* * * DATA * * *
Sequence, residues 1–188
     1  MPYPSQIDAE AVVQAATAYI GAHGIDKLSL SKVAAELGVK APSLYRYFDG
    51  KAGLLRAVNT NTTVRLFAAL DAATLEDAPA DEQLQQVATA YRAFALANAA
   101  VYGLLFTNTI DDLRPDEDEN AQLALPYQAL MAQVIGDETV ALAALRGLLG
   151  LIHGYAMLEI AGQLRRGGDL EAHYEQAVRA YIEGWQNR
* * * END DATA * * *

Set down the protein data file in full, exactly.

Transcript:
Sequence, residues 1–188
     1  MPYPSQIDAE AVVQAATAYI GAHGIDKLSL SKVAAELGVK APSLYRYFDG
    51  KAGLLRAVNT NTTVRLFAAL DAATLEDAPA DEQLQQVATA YRAFALANAA
   101  VYGLLFTNTI DDLRPDEDEN AQLALPYQAL MAQVIGDETV ALAALRGLLG
   151  LIHGYAMLEI AGQLRRGGDL EAHYEQAVRA YIEGWQNR